Some Ironies just should not be passed over.
The Collapse of Monetarism and the Irrelevance of the New Monetary Consensus
25th Annual Milton Friedman Distinguished Lecture at Marietta College, Marietta, Ohio
March 31, 2008.
by James K. Galbraith
On November 8, 2002, then-Fed Governor Ben S. Bernanke spoke in Chicago to honor
Milton Friedman on his 90th birthday. Bernanke said, “As everyone here knows, in their
Monetary History Friedman and Schwartz made the case that the economic collapse of 1929-33
was the product of the nation’s monetary mechanism gone wrong. Contradicting the received
wisdom at the time they wrote…Friedman and Schwartz argued that ‘the contraction is in fact a
tragic testimonial to the importance of monetary forces.” In that era, Bernanke argued, the Fed
tightened to thwart speculation. One would argue that in 2005-7 it tightened to pre-empt
inflation. No matter. You can see the difficulty without my help. At the close of his speech,
Bernanke stated, “Let me end my talk by slightly abusing my status as an official representative
of the Federal Reserve. I would like to say to Milton and Anna: Regarding the Great
Depression. You’re right, we did it. We’re very sorry. But thanks to you, we won’t do it again.”
26. Less than six years later, Chairman Ben Bernanke faces an intellectual dilemma. He can
stick with Milton, in which case he must admit that the only possible cause of the present
financial crisis and evolving recession is the tightening action of the Federal Reserve, against
which, when it started back in 2004 only two voices were heard: that of Jude Wanniski, the
original supply-sider, and my own, in a joint Op-Ed piece no one would publish except the
Washington Times. Or he can stick with the so-called “new monetary consensus,” which holds
that the Fed should now return to its inflation targets, pursue a much tighter policy, and that no
recession will result. If Bernanke chooses the first, he must of course assume responsibility for
the unfolding disaster. He cannot, logically, stay with Friedman without admitting the error of
the late Greenspan years and his own first months in office. If he chooses the second, he must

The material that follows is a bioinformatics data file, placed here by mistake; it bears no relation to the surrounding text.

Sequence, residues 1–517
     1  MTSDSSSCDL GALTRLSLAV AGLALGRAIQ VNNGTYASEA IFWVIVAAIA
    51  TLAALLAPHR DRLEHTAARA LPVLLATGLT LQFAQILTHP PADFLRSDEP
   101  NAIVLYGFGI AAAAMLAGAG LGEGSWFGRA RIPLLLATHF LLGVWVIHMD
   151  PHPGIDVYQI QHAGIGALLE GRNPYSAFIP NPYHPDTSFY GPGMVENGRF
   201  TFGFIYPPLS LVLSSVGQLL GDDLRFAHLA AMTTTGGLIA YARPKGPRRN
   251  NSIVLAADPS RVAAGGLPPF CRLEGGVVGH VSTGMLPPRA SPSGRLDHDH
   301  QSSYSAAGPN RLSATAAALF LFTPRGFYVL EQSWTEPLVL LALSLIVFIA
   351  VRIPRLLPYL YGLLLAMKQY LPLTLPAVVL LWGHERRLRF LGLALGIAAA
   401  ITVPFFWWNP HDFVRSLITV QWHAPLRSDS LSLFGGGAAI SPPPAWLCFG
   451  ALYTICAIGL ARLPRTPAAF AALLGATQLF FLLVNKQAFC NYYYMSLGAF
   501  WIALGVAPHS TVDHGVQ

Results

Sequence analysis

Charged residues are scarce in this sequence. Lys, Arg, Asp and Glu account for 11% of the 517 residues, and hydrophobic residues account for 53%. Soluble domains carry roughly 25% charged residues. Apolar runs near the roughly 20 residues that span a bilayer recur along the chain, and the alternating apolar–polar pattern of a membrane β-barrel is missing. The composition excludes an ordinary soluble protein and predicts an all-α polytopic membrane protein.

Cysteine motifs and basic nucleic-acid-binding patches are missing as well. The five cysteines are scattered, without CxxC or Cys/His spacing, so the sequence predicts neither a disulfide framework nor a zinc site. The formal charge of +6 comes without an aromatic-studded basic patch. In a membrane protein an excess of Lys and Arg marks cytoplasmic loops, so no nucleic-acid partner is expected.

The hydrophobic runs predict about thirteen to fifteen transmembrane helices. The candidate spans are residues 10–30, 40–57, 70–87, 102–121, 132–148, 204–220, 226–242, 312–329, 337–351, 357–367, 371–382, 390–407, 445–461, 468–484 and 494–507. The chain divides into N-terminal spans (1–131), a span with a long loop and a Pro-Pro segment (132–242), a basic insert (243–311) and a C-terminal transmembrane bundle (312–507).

repudiate Friedman, and hope for the best. The two courses are absolutely in conflict.
27. My own view is that Friedman and Schwartz were right on the broad principle — monetary
forces are powerful — but wrong in its application. The Federal Reserve alone did not “cause”
the Great Depression. Intrinsic flaws in the financial, corporate and social structure, combined
with bad policy both before and after the crash, were jointly responsible for the disaster, while
the crash itself played a precipitating role. The danger, today, is that something similar could
again happen. Thus I do not think that rising interest rates alone caused the present collapse, and
I do not think that cutting them alone will cure it. They did so in conjunction with the failure to
regulate sub-prime loans, with the permissive attitude to securitization, with the repeal of Glass-
Steagall, and with the general calamity of turning the work of government over to bankers.
28. But if Friedman was wrong, the “new monetary consensus” is even more wrong. That
consensus, having nothing to say about abusive mortgage loans, speculative securitization and
corporate fraud, is simply irrelevant to the problems faced by monetary policy today. Its
prescriptions, were they actually followed, would lead to disaster. Its adherents, who of course
never had a consensus on their side to begin with, have made themselves into figures of fun.
There is, mercifully, no chance that Ben Bernanke will actually choose to follow their path.
29. And if both sides of Bernanke’s dilemma are wrong, what is a beleaguered central banker to
do? I have an answer to that. Let Ben Bernanke come over to our side. Let him acknowledge
what is obvious: the instability of capitalism, the irresponsibility of speculators, he necessity of
regulation, the imperative of intervention. Let him admit the intellectual victory of John
Maynard Keynes, of John Kenneth Galbraith, of Hyman Minsky. Let him take those dusty tomes
off the shelf, and broaden his reading. I could even send him a paper or two.